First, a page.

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Oxycodone pain pills. Photo: John Moore/Getty Images

Federal regulators and fentanyl manufacturers didn't take action when it became clear that highly potent fentanyl products were being inappropriately prescribed to as many as half of the patients taking them, according to a new study in the Journal of the American Medical Association.

How it works: The type of fentanyl in question is approved by the Food and Drug Administration only for adult cancer patents who have already built up a tolerance to less potent opioids.

  • An FDA monitoring program requires that all doctors, pharmacists and patients involved in prescribing, dispensing and using these drugs certify that they understand their proper use.
  • The FDA also requires manufacturers to demonstrate that they are in compliance with the rules.
  • In surveys by drugmakers, most doctors, pharmacists and patients indicated that they understood how these fentanyl drugs were supposed to be used, but some providers were prescribing them for off-label use anyways.

The bottom line: In 2016, drugmakers found that between 34.6% and 55.4% of patients receiving this kind of fentanyl did not have opioid tolerance, meaning the drug was being misused.

  • Despite this information, neither the FDA nor drugmakers took action to end the inappropriate prescribing.

Go deeper: Opioids app aims to lower response times for overdose victims

Go deeper

Updated 50 mins ago - Axios Twin Cities

In photos: Thousands rally for George Floyd ahead of Derek Chauvin's trial

Demonstrators on March 7 outside the Hennepin County Government Center, where the trial of former Minneapolis police officer Derek Chauvin, charged with murdering George Floyd, will begin in Minneapolis, Minnesota. Photo: Chandan Khanna/AFP via Getty Images

Thousands of protesters marched through Minneapolis' streets Sunday, urging justice for George Floyd on the eve of the start of former police officer Derek Chauvin's trial over the 46-year-old's death, per AFP.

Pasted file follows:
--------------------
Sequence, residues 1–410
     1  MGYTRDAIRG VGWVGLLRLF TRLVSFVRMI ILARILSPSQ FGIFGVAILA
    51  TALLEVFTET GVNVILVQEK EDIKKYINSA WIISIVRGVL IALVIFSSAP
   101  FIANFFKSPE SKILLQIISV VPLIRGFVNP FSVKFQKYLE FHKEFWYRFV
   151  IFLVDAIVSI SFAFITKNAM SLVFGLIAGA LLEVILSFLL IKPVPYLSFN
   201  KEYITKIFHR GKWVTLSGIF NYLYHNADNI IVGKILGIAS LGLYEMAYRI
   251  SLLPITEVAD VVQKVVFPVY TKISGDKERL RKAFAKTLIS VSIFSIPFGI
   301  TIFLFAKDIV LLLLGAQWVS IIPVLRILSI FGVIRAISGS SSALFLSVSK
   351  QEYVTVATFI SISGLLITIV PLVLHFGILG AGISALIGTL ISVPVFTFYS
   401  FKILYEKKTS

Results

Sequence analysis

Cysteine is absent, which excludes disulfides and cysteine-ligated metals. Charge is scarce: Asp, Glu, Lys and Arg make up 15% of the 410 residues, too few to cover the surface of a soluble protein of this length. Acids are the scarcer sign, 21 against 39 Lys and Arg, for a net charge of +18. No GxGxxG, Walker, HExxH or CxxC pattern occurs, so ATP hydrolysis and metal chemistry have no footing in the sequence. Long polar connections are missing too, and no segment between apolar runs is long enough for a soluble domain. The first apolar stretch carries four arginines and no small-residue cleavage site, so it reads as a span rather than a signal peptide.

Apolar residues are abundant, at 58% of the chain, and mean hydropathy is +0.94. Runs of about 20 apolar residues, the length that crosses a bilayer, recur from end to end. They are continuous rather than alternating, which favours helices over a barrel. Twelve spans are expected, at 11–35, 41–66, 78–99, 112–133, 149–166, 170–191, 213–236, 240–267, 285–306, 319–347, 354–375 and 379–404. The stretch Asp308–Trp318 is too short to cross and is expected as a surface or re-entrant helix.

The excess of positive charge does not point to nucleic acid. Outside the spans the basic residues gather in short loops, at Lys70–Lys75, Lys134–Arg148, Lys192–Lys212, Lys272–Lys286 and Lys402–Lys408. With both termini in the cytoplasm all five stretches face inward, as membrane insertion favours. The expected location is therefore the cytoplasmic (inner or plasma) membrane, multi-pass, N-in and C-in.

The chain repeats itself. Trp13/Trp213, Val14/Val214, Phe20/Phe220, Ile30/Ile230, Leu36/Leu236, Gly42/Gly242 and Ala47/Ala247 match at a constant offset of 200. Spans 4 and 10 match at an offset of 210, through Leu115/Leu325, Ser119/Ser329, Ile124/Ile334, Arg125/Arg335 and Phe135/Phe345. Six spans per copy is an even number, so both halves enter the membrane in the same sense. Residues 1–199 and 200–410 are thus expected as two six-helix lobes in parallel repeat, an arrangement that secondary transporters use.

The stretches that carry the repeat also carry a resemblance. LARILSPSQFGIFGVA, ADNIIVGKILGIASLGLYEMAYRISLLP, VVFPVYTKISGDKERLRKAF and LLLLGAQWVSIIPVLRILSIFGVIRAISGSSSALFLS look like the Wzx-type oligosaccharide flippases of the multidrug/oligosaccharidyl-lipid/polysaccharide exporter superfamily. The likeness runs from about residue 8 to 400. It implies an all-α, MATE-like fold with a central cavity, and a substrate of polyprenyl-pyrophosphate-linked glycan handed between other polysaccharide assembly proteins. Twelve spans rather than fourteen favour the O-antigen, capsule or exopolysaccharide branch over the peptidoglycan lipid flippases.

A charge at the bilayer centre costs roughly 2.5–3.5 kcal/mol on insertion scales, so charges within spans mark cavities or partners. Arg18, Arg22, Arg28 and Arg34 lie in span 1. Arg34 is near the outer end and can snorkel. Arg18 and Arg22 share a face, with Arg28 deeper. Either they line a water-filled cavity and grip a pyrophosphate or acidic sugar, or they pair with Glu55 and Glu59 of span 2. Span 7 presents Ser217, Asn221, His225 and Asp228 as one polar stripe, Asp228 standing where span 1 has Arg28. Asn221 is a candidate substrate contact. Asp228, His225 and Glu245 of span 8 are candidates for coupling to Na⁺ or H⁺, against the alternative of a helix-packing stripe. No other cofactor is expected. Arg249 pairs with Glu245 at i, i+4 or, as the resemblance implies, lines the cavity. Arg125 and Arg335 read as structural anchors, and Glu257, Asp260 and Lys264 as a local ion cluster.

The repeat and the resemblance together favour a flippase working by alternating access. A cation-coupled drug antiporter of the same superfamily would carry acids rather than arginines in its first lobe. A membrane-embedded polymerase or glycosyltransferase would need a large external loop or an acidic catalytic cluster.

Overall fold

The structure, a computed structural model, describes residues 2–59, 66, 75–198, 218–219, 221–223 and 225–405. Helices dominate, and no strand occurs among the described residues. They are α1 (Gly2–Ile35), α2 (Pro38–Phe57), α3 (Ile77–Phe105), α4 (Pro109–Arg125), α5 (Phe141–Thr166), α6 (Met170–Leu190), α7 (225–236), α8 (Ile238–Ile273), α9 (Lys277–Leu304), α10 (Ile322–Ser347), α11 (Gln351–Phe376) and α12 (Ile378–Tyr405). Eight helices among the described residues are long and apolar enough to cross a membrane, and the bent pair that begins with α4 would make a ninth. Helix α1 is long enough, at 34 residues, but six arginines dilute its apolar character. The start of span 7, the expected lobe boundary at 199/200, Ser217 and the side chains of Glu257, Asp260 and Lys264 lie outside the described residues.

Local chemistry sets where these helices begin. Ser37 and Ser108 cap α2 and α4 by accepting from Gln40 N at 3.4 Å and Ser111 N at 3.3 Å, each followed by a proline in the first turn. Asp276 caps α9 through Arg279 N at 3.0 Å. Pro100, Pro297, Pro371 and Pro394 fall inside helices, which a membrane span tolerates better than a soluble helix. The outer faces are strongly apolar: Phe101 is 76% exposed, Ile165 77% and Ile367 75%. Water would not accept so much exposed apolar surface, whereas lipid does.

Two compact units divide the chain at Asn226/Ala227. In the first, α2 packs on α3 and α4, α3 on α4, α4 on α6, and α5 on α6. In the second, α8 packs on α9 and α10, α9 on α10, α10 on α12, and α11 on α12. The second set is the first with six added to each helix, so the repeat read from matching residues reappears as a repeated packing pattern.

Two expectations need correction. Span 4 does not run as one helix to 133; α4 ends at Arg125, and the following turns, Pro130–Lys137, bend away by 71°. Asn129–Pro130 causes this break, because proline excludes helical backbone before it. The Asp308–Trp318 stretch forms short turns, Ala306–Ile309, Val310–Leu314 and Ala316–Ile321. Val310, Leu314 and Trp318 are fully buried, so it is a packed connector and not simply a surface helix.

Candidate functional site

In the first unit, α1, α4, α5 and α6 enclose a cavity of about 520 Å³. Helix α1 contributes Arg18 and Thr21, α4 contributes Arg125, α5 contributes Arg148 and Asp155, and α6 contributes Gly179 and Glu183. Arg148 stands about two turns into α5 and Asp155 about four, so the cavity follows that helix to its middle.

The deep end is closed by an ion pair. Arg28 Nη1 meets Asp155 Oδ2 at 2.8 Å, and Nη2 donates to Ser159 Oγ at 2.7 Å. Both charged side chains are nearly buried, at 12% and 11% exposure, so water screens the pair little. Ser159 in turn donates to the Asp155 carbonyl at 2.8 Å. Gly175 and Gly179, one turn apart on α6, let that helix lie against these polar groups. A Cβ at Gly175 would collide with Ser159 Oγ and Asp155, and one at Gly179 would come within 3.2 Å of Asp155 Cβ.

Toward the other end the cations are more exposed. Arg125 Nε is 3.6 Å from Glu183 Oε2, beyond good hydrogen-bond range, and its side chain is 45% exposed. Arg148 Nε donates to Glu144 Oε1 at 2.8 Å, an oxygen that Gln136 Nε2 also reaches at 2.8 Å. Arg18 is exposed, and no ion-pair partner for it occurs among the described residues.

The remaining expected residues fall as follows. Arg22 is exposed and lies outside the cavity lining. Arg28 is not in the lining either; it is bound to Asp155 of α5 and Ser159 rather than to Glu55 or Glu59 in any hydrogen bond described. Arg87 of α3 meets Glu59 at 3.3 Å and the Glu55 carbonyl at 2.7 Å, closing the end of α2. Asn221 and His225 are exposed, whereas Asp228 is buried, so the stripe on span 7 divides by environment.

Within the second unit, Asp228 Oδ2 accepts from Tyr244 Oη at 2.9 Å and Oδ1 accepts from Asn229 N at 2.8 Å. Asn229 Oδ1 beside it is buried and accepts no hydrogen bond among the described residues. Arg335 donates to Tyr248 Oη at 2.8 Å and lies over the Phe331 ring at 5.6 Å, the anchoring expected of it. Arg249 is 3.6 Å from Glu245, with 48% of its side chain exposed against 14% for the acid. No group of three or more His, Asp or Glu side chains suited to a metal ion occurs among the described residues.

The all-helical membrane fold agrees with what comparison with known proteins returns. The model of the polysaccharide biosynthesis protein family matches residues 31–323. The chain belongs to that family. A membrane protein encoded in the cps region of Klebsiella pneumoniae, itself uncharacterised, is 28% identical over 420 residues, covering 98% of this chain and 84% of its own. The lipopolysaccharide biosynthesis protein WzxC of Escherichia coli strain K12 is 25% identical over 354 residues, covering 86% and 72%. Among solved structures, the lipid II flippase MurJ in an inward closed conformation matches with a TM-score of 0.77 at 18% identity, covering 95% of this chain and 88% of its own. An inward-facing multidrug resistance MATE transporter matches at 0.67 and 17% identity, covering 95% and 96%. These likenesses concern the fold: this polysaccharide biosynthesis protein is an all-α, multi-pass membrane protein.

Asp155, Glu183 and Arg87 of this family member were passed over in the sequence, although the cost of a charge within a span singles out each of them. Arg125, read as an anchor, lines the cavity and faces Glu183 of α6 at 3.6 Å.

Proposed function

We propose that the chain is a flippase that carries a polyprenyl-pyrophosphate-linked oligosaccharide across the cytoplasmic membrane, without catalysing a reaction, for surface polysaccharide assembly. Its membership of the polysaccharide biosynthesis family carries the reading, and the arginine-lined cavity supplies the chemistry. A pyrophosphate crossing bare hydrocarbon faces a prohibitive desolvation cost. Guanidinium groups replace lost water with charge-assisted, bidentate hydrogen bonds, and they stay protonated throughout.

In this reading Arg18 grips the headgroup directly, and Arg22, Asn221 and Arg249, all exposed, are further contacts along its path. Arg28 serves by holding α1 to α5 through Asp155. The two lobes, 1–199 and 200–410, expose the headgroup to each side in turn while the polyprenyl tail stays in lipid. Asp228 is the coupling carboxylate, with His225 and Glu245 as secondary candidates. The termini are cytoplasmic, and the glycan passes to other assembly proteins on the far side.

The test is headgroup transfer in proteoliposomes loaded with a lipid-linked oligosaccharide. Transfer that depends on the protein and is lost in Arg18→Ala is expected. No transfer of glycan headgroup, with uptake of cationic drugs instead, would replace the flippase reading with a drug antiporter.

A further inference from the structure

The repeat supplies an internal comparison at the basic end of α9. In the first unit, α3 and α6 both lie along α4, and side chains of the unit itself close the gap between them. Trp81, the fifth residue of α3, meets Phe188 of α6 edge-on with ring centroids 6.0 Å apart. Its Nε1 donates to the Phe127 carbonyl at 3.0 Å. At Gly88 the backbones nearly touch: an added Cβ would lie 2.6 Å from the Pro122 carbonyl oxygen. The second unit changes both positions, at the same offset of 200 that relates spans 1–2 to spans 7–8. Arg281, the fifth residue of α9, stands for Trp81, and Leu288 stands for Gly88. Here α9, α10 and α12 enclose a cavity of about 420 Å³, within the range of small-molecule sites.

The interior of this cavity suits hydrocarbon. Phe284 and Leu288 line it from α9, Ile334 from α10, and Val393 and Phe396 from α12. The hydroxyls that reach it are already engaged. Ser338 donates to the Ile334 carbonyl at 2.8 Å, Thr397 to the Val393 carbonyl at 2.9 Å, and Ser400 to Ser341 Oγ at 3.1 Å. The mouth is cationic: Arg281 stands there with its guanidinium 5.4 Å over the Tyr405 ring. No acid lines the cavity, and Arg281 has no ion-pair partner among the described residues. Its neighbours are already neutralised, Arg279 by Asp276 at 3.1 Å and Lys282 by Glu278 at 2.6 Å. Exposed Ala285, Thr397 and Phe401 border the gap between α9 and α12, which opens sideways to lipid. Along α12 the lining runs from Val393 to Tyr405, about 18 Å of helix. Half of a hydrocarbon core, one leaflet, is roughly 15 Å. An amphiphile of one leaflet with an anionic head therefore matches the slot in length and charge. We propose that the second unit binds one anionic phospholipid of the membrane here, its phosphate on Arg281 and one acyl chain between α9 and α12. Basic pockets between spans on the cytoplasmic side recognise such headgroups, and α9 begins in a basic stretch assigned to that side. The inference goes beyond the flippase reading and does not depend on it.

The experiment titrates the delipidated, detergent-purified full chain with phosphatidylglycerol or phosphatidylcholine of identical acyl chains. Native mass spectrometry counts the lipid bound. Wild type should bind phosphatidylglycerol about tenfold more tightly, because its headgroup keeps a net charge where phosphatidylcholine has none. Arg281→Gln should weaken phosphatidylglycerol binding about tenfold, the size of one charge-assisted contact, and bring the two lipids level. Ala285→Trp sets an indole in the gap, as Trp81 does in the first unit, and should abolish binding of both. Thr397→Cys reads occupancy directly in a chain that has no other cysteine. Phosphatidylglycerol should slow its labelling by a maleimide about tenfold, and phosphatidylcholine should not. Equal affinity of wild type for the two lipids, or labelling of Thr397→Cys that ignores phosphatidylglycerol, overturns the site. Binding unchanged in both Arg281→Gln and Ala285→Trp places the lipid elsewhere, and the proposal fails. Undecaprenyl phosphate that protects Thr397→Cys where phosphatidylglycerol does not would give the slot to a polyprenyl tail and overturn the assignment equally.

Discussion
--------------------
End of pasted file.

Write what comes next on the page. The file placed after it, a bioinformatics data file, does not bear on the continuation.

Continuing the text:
The big picture: Chauvin faces charges for second-degree murder and manslaughter over Floyd's death last May, which ignited massive nationwide and global protests against racism and for police reform. His trial is due to start Monday, with jury selection procedures.

Caitlin Owens, author of Vitals
5 hours ago - Health

Pfizer CEO feels "liberated" after taking COVID vaccine

Pfizer CEO Albert Bourla. Photo: "Axios on HBO"

Pfizer CEO Albert Bourla tells "Axios on HBO" that he recently received his first of two doses of the company's coronavirus vaccine.

Why it matters: Bourla told CNBC in December that company polling found that one of the most effective ways to increase confidence in the vaccine was to have the CEO take it.

Dan Primack, author of Pro Rata
5 hours ago - Economy & Business

Ripple CEO: SEC lawsuit is "bad for crypto" in the U.S.

Ripple CEO Brad Garlinghouse tells "Axios on HBO" that if his company loses a lawsuit brought by U.S. regulators, it would put the country at a competitive disadvantage when it comes to cryptocurrencies.

Between the lines: The SEC in December sued Ripple, and Garlinghouse personally, for allegedly selling over $1.3 billion in unregistered securities. Ripple's response is that its cryptocurrency, called XRP, didn't require registration because it's an asset rather than a security.

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